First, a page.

One of the most advantageous features of SharePoint is the capacity to empower users, allowing greater generation of propositional knowledge, alleviating several IT support requirements, etc. However, empowering users with content and communication control unsurprisingly incorporates maintenance of security attributes associated with content and that contents storage instruments.
This came up at a client I was at, where they really, really wanted an extraordinarily unpretentious way to both show a exceedingly simple summary of existing site security, supplemented with only the most basic actions. So trying to keep the amount of controls being used in the WebPart under 6, we incorporated four fundamental event bound controls, and two dedicated to displaying information. So we could have context when discussing the product, we called it SimpleSecurity for reasons that don’t require explanation.
So, keeping the WebPart as nominal as possible, the below illustrates the process:
It’s pretty self-explanatory, but the gist of it is the WebPart sits somewhere on the site since it is going to use the current web context. When the user first adds the WebPrart to the page, if the required security groups don’t exist, they are created by the WebPart. Default grouping conventions being limited in SharePoint imply that abstracting this layer was desirable. Once existing, they are added into two list box controls that display the users available for actions, and the users that already have had actions applied to them. Using a simple movement process between those list boxes, the represented actions are executed.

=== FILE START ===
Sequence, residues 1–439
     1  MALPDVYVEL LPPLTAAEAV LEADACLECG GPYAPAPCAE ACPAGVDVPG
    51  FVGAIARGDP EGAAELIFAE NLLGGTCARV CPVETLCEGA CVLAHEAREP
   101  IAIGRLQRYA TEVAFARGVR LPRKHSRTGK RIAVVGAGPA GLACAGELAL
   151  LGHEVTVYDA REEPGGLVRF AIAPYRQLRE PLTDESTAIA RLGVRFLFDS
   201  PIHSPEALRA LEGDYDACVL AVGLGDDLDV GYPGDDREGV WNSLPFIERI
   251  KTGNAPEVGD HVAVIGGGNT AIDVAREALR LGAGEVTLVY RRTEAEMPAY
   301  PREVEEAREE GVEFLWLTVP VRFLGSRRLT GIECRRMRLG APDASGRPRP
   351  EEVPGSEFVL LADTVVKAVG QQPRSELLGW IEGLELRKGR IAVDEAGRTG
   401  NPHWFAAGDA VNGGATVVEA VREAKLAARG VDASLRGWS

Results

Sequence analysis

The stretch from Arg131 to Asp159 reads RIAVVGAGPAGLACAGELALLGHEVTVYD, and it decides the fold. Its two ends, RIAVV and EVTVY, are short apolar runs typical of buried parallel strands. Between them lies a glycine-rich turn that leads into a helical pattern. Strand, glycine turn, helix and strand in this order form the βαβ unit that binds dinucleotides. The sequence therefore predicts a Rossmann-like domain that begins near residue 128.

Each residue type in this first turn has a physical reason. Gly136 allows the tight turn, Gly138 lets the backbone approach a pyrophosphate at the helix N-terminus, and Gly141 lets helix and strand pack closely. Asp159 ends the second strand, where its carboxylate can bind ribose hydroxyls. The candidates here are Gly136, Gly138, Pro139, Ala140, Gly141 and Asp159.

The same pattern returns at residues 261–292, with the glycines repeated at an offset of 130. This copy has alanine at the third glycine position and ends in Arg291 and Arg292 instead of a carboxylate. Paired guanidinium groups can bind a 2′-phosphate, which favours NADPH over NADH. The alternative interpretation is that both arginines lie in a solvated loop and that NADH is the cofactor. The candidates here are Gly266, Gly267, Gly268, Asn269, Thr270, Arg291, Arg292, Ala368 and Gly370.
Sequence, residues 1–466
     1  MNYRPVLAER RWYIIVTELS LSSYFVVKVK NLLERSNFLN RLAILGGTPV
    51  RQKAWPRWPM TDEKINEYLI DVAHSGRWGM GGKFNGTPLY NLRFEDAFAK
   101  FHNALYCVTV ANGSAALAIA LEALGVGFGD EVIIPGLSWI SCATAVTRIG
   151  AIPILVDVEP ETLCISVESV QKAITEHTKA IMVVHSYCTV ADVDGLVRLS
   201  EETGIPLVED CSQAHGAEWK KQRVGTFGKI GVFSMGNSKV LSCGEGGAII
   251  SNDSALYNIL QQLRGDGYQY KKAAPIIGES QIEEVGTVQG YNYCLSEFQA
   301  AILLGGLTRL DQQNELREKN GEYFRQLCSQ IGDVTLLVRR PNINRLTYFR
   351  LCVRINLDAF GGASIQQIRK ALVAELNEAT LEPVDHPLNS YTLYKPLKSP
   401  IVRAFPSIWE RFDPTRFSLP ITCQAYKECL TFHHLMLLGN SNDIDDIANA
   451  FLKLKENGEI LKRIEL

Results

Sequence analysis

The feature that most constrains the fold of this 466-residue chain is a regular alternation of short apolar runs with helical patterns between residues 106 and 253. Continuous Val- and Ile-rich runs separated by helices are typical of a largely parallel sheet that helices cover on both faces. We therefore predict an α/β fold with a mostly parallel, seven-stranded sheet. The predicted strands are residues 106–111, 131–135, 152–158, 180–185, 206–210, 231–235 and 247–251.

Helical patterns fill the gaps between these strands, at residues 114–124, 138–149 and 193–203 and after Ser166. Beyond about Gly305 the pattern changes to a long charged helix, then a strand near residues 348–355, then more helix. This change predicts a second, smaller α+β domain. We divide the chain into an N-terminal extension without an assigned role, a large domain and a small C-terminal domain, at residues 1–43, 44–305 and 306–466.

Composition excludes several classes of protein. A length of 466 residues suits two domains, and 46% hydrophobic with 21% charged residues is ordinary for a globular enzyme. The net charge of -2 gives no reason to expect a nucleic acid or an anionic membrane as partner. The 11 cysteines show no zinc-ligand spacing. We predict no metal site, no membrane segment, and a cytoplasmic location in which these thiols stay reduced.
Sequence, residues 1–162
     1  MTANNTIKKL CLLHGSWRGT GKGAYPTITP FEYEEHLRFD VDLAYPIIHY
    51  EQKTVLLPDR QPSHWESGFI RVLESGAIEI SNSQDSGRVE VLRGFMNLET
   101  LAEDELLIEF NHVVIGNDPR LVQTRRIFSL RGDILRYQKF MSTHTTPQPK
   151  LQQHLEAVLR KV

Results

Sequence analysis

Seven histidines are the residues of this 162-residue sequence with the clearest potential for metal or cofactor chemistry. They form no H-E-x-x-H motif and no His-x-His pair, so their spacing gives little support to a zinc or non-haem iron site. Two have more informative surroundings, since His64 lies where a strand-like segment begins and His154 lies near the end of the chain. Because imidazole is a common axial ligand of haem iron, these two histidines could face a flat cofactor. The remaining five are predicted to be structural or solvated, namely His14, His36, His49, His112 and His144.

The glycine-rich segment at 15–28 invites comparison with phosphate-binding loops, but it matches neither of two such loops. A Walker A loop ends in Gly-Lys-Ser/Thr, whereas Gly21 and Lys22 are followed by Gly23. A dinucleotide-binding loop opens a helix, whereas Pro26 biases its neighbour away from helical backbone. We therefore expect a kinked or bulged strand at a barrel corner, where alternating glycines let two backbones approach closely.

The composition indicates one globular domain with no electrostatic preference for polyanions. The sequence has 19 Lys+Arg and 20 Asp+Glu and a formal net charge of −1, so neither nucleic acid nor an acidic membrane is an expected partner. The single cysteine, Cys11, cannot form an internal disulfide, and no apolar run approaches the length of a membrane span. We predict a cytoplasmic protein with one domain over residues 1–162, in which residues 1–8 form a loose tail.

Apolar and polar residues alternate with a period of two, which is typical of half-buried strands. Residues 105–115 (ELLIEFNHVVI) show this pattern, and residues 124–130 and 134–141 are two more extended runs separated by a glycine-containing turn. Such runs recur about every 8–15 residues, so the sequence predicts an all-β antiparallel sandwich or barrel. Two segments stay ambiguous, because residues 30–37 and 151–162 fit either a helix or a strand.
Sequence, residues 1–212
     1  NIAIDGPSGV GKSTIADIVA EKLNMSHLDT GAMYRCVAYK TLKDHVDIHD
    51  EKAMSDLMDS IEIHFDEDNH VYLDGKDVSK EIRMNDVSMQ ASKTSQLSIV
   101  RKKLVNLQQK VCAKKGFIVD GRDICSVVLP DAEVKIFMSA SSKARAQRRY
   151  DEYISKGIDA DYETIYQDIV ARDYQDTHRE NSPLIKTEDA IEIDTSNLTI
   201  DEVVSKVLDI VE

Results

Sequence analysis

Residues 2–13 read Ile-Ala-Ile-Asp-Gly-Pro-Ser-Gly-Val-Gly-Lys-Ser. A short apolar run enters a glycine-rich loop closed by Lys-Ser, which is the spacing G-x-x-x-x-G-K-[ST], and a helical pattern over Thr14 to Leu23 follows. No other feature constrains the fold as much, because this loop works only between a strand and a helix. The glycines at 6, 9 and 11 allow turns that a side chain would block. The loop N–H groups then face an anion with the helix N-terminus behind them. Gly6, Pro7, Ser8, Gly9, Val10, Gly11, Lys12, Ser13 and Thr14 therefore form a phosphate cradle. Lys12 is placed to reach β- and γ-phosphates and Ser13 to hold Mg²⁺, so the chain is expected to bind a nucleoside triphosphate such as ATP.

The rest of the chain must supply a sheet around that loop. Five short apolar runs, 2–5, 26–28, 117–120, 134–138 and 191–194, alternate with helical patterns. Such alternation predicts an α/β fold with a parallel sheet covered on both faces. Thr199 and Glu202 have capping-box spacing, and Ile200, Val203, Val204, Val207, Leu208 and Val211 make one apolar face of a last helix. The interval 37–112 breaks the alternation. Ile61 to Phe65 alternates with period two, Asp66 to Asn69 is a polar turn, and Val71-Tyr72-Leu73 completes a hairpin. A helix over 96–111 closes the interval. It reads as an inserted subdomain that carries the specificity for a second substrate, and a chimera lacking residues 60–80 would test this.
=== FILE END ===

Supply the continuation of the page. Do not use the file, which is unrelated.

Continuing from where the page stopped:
I guess it’s kinda easier to show in screen shots, so here are some really simple examples:
In The Gallery
Adding the SimpleSecurity WebPart to the Page
Auto-Creating the Required Groups
Groups Created, Start Doing Stuff
Adding a Reader, Contributor, and Administrator
Download the WSP here. All the images etc. are all bundled into the cabinet as well.
Happy Labor Day!